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  5. "Я приеду в Киев в феврале."

"Я приеду в Киев в феврале."

Translation:I will arrive in Kiev in February.

November 24, 2015



That's pretty hard to pronounce fast :P


^ me, with every Russian sentence


The hardest thing for me to figure out in pronouncing Russian at conversational speed is not so much how to pronounce certain sounds as which sounds not to pronounce at all, or to barely say.

The same thing happens in English. The area of the US I was brought up in (near Baltimore, Maryland) drops sounds with alarming frequency, but people still understand each other:

"dJeet?" = "Did you eat?"
"Nah. dJu?" = "No, did you?"
"Nah. 'squeet" = "No, let's go eat."

A "paramour" is what you cut your grass with. (power-mower).

I have worked on my elocution and diction for decades, but people can still occasionally detect a bit of "Mare-lan" in my speech.


In britain "do you know what i mean?" is sometimes pronounced just "nar-mee?" And "at the end of the day" - "yen-glottal stop-day"


Shouldn't "I arrive in Kiev in February" be accepted as well? It is still future tense, we just skip the "will" sometimes in English.

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And we do this in Russian as well. That is, for planned or expected events in the future we use Present tense, just like English. The only nuance is that English tends to use Present Continuous rather than Present Simple for events planned with my (or the subject's) participation, so I believe in slightly better English this would be "I am arriving in Kiev in February". On the other hand, "preordained" events use Present Simple: "my flight leaves tomorrow at 5" or "the World Cup starts in June".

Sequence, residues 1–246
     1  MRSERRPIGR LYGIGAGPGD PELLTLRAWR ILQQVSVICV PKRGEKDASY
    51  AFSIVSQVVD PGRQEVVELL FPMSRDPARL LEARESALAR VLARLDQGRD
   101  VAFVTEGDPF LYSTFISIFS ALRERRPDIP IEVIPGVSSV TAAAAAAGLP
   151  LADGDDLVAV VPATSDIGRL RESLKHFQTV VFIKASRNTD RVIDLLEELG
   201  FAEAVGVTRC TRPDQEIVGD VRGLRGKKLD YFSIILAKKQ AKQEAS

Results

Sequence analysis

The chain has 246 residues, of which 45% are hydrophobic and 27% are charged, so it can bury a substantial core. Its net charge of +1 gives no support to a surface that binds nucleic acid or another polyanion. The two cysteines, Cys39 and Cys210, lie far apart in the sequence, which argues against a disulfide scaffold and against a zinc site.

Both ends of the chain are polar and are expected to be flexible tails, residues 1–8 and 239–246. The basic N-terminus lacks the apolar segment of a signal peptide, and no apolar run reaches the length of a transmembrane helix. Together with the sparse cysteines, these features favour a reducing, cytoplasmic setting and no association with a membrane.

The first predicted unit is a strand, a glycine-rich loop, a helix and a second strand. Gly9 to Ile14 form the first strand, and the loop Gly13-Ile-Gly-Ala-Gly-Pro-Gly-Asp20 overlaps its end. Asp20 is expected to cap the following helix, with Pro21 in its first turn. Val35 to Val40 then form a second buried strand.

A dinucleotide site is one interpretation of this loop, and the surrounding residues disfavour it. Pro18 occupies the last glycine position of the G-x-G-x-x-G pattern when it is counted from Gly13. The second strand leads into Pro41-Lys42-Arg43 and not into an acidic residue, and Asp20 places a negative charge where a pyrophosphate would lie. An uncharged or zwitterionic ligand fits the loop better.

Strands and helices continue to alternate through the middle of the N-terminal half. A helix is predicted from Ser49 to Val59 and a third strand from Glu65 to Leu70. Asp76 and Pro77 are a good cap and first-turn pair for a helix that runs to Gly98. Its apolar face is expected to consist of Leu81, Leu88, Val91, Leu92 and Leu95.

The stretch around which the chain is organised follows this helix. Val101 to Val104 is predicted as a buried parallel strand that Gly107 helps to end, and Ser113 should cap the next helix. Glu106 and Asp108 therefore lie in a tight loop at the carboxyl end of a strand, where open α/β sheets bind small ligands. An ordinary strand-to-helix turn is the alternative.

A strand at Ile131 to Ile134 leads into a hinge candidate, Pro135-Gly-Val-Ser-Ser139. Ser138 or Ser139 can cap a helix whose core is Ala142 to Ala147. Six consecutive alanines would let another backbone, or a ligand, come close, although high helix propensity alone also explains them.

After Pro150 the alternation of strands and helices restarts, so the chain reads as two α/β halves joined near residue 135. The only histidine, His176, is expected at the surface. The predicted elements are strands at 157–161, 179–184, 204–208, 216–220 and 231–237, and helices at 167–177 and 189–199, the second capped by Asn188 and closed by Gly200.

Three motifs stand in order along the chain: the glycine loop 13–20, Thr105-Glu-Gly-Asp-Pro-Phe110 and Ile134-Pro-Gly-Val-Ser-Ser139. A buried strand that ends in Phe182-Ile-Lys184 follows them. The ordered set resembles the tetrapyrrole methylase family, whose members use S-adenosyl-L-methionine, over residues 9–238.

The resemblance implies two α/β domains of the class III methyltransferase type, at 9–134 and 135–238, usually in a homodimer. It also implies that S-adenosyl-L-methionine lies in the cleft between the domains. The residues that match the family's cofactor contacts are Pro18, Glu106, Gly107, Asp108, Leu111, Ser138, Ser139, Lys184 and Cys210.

Yes, good point: "am arriving" also works. Thanks for the response, but I'm not completely sure if you're saying that this should be accepted or not...

Are "I arrive" and "I am arriving" suitable translations of "я приеду" in this sentence? I think I reported because "I arrive" was not accepted.

Also, to address what you said, I believe that my arrival in Kiev is preordained enough to allow the use of the simple present here. It certainly sounds natural.

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Are "I arrive" and "I am arriving" suitable translations of "я приеду" in this sentence? I think I reported because "I arrive" was not accepted.

You should definitely try reporting it, but I am not sure the creators/contributors will agree: given that both Russian and English can use both Future and Present tenses here (with similar connotations), they might opt for literal translation.


"am arriving" - is OK, I suppose, although it's not really future tense in English. People use it to express future intent to arrive or even the announcement of a future action (which is more correctly "will arrive"). Not wrong, not exactly right, but used so much, it should be accepted.

"I arrive" at a future date is incorrect English. I know that's what the Russian allows, but it's just not correct English.

"I am going to arrive" - I have a hard time with this one, because in essence it is a present statement of intent to do something in the future. Spanish allows this "phrasal future" (to go + infinitive) as a valid future tense, and it's used in English a lot, so it has to be allowed, but it's not really future tense, which is present announcement of a future event - not the same as the present expression of present intent to to something in the future (going to...).


I don't know that I understand why you think "I arrive in ..." to indicate the future in English should be considered wrong. Take for example the following conversation occurring in January:

A: "When do you arrive in Kiev?"

B: "I arrive in Kiev in February."